We are all wired into a survival trip now. No more of the speed that fueled the Sixties. Uppers are going out of style. This was the fatal flaw in Tim Leary’s trip. He crashed around America selling “con sciousness expansion” without ever giving a thought to the grim meathook realities that were lying in wait for all the people who took him too seriously

If Hunter and Lester’s intensity is unusual, the pattern of gloom is pretty evident.

Much of the world is in a similar position now. The difference is that we’re not coming down from a quick hippie high, but slogging through many years of featureless gloom. Here’s how Bruce Sterling opened his annual State of the World comment thread:

An extraordinary atmosphere of sullen, baffled evil, as the year opens. I don’t know what to compare 2014 to — except for many other glum post-revolutionary situations, when the zealots succeeded in toppling the status quo, then failed to install a just and decent form of civil order. The world in 2014 is like a globalized Twitter Egypt.

As Bruce suggests, the same gloom is present in the Middle East. Still, it was expected — every Arab activist I heard from in 2011 realised the “Arab Spring” was just the beginning of a long struggle with many setbacks. It was only the Europeans and North Americans who looked at the first wave of change and thought Mission Accomplished. Still, there’s plenty of gloom here: Europe, North America, the Middle East are all having a rough time, while the Balkans remains in its perennial stew of unhappiness.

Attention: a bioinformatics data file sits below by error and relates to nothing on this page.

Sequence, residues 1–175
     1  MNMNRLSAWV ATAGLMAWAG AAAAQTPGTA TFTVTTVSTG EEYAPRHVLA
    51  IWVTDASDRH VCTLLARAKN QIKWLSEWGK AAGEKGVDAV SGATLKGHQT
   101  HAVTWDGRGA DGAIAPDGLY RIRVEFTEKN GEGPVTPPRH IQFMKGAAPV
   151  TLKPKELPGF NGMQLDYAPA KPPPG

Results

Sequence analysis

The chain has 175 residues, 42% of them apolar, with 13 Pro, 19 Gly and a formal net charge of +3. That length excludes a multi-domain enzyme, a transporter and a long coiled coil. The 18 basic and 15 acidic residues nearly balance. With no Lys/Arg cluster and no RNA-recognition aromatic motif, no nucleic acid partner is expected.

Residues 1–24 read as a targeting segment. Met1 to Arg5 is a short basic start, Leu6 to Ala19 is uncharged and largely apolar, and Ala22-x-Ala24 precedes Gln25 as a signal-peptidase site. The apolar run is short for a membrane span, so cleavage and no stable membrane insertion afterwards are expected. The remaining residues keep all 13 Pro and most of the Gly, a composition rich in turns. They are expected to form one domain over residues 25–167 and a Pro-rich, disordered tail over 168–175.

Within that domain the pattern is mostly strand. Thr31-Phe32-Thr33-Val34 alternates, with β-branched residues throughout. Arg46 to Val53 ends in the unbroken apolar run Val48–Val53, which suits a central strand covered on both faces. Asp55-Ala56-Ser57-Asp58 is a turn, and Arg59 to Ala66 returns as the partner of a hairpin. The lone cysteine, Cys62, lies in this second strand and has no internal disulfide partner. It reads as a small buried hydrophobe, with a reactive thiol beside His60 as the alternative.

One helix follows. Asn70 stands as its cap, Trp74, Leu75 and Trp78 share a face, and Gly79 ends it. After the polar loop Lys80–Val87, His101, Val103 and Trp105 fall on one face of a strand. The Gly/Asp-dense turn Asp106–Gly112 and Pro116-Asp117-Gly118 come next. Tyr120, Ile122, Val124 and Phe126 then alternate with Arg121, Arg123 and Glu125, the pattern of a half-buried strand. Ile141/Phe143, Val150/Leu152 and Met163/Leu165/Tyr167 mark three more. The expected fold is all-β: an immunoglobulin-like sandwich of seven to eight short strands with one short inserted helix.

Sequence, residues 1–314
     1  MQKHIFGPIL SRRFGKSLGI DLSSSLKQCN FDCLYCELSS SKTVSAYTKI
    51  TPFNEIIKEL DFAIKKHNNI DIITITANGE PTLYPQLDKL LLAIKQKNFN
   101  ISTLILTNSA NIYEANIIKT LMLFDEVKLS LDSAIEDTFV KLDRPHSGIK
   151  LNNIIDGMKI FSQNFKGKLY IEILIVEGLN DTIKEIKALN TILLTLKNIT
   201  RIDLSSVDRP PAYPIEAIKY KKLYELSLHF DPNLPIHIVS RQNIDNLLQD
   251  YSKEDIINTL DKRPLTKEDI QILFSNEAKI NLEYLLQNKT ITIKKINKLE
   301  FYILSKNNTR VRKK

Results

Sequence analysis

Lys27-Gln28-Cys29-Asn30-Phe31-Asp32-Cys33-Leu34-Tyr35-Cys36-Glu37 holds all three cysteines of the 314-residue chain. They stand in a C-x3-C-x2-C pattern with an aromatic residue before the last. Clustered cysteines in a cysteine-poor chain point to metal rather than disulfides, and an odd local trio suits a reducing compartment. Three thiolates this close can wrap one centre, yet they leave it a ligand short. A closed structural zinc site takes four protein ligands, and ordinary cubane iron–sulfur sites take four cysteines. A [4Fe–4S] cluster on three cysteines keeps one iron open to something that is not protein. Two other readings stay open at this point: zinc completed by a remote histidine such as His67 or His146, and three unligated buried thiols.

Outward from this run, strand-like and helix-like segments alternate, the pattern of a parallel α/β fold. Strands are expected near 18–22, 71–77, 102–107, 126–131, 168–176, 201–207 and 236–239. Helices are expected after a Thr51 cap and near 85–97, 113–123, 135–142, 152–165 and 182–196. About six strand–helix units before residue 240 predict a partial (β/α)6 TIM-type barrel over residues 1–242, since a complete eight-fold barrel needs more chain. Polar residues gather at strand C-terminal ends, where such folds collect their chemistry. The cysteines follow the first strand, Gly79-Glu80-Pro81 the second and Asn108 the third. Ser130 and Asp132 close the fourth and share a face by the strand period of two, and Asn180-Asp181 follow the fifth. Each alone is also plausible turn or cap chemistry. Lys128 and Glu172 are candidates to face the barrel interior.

Changing views on marijuana

January 28th, 2014 § 0 comments § permalink

Despite the growing push for legalization of marijuana in the US, I had never realised the speed at which public opinion had changed. This graphy from the Pew Center is striking:

In 1969, 12% of the population supported legalization. By 1991 it was only 17%. But from the early 90s attitudes softened massively, until by this year 52% of Americans wanted marijuana legal.

I have no idea what changed in the 90s, and Pew don’t give many hints. I’d be intrigued to find out, though, and also to see whether attitudes in Europe have changed along similar lines.

Tory Britain, you make me despair

January 27th, 2014 § 0 comments § permalink

Stories like this make it seem that the UK has flipped 150 years back through a time warp.

A pregnant woman isn’t paid the benefits she is entitled to. Desperate, she steals food worth £13.94. She is caught, and sentenced to 10 months in jail.